Economic Overview

Artesia has four primary economic drivers – oil & gas production, oil refining, the Federal Law Enforcement Training Center, and Agriculture, including dairies, farming and ranching. As a direct result of our base economic industries, our economy is very strong. The unemployment rate in the Artesia area is well below the national average, household incomes are among the highest in the state, and real estate values have held steady or even increased over the last 7 years.

Oil and Gas Production
The main event for Artesia’s economy is the production of oil and gas. Approximately 20% of Artesia’s workforce is employed directly by development and production of oil and gas. A variety of careers are in high demand, including scientists in engineering and geology, professional services such as land, legal and accounting, and field work such as lease operators, trucking/hauling, and a variety of specialty work. More than 100 million barrels of oil and 750 cubic feet of gas have been produced in the fields of Eddy County in just the first few years of this decade. Major employers in production and field service include locally owned Yates Companies, Chase Companies and many smaller production and service companies, as well as Concho Resources, Halliburton and Devon Energy, among others.

Refining
Artesia is home to Navajo Refining Co., a refinery owned by parent company HollyFrontier based in Dallas, Texas. Navajo Refining is Artesia’s largest private sector employer with more than 650 employees. The refinery has spent more than $80 million in recent years on upgrades and expansions, resulting in an increased refining capacity of more than 100,000 barrels of oil per day. Gasoline and diesel are the refinery’s primary exports, but numerous other products are produced, including jet fuel, asphalt, fuel oil, and many bi-products.

Federal Law Enforcement
The second largest Federal Law Enforcement Training Center in the United States is located in Artesia. More than 85 federal agencies with a law enforcement component are trained at FLETC facilities in the U.S., including Artesia. With more than 900 full-time jobs, FLETC, along with its agency clients and contractors, is the largest employer in Artesia. Basic training for all U.S. Border Patrol Agents occurs at FLETC-Artesia along with significant training schedules for the Bureau of Indian Affairs and Transportation Security Administration. In addition to the 900+ ful-time jobs, the FLETC-Artesia has student populations that range from the hundreds to several thousand at any given time, with an average daily student population over the last ten years of over a thousand.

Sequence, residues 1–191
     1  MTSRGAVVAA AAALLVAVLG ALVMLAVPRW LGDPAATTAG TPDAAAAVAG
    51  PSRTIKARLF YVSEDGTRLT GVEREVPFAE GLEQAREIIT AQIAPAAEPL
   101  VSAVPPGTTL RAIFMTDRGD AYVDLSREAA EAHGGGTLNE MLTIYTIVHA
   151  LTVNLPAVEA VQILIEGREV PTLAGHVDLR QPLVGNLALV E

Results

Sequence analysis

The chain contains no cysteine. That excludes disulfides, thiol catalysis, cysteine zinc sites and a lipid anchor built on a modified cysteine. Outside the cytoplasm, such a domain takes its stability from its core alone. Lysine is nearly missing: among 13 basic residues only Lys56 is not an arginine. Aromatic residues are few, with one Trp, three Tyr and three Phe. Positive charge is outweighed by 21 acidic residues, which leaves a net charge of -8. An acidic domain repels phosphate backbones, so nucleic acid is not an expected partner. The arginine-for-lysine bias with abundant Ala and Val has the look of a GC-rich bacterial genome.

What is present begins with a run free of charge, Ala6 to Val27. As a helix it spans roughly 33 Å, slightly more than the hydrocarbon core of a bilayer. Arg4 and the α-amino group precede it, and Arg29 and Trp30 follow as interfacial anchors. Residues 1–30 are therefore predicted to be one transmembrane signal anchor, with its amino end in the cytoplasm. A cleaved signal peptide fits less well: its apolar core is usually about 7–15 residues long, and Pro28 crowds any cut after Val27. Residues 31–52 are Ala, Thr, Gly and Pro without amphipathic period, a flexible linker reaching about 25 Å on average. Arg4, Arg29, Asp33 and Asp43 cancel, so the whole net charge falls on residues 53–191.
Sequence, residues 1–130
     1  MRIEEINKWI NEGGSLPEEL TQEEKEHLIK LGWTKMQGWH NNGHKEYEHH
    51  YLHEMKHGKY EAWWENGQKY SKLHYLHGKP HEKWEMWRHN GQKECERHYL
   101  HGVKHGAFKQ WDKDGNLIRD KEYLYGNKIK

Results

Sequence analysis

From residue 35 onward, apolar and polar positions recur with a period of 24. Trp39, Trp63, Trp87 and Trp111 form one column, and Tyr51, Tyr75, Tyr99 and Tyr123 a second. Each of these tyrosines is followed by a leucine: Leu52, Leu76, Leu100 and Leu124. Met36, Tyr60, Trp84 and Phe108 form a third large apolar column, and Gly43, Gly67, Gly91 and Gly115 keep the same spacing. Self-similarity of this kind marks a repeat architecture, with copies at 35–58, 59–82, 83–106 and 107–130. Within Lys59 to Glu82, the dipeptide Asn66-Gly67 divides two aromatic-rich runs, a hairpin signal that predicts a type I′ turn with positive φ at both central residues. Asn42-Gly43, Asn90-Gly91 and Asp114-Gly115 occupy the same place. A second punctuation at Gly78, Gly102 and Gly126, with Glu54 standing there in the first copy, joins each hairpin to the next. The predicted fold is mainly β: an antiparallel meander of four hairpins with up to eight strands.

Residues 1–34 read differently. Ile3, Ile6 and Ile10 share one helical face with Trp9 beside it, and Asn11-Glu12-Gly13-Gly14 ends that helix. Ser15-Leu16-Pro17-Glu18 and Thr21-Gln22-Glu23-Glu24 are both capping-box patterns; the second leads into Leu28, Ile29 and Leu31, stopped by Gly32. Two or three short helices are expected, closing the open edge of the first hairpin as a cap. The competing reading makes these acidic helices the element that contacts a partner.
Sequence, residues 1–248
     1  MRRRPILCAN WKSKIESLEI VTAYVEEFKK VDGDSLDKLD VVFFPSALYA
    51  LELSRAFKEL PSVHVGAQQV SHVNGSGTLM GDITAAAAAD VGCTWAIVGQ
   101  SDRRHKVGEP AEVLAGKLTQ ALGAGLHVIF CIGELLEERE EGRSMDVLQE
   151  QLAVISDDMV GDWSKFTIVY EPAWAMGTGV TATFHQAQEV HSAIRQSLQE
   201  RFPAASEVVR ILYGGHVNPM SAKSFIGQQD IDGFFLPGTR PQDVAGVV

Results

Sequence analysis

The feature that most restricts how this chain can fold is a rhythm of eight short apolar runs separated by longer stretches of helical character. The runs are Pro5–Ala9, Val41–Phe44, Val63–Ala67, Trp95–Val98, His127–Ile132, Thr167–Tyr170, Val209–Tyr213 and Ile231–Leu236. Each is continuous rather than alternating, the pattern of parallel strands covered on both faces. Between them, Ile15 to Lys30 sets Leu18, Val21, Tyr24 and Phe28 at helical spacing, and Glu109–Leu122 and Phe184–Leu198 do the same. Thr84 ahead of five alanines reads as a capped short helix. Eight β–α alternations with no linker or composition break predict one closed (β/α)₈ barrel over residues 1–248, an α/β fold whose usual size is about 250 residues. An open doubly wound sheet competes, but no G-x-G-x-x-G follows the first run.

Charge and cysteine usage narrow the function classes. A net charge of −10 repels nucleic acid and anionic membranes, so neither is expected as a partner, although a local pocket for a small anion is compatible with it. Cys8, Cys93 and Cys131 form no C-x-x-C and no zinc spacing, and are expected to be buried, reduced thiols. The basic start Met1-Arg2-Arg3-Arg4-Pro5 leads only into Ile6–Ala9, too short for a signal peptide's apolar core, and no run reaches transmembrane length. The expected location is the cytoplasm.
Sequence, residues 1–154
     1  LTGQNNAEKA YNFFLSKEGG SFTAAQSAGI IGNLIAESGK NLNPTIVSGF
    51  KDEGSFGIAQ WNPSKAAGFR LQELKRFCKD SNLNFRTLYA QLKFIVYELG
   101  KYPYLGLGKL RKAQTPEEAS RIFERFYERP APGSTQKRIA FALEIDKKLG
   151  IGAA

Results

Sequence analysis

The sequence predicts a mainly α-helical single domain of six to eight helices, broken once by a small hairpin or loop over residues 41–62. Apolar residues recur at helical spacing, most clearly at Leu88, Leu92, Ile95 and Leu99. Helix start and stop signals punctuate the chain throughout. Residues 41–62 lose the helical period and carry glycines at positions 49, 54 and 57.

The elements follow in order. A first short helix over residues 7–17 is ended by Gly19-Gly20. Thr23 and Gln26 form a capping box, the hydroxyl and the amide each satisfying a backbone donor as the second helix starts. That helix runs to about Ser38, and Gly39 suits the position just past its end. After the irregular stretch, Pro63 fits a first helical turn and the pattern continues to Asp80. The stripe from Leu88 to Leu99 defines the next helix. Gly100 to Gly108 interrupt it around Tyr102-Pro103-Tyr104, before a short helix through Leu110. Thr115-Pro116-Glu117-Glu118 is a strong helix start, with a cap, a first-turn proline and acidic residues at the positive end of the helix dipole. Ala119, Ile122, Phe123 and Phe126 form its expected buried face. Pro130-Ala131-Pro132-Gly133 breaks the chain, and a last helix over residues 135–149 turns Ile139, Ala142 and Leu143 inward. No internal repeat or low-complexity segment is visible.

Agriculture
The agriculture business in Artesia has been a significant component of Artesia’s economy since the town’s early development. Within 40 miles of Artesia, there are more than 45 dairies with a combined 75,000 head of dairy cows. The sixth largest milk cooperative in the nation, Select Milk Producers, is headquartered in Artesia. The member dairies of Select Milk Producers produce 6 billion pounds of milk annually, which accounts for approximately $1.5 billion in annual revenues. Artesia is also home to one of the country’s largest pecan growers, Chase Farms, which accounts for 5% of the total national pecan crop. With more than 6 million pounds of pecans grown in the area, this particular crop represents a significant portion of the agricultural economy in the Artesia area. Pinto bean production and processing has taken hold in Artesia as well, with more than 2 million pounds of the bean grown and processed in Artesia and exported to other states. Traditional farming and ranching have remained in the area as well. Primary crops include alfalfa, cotton, chile, corn, beef, and sheep.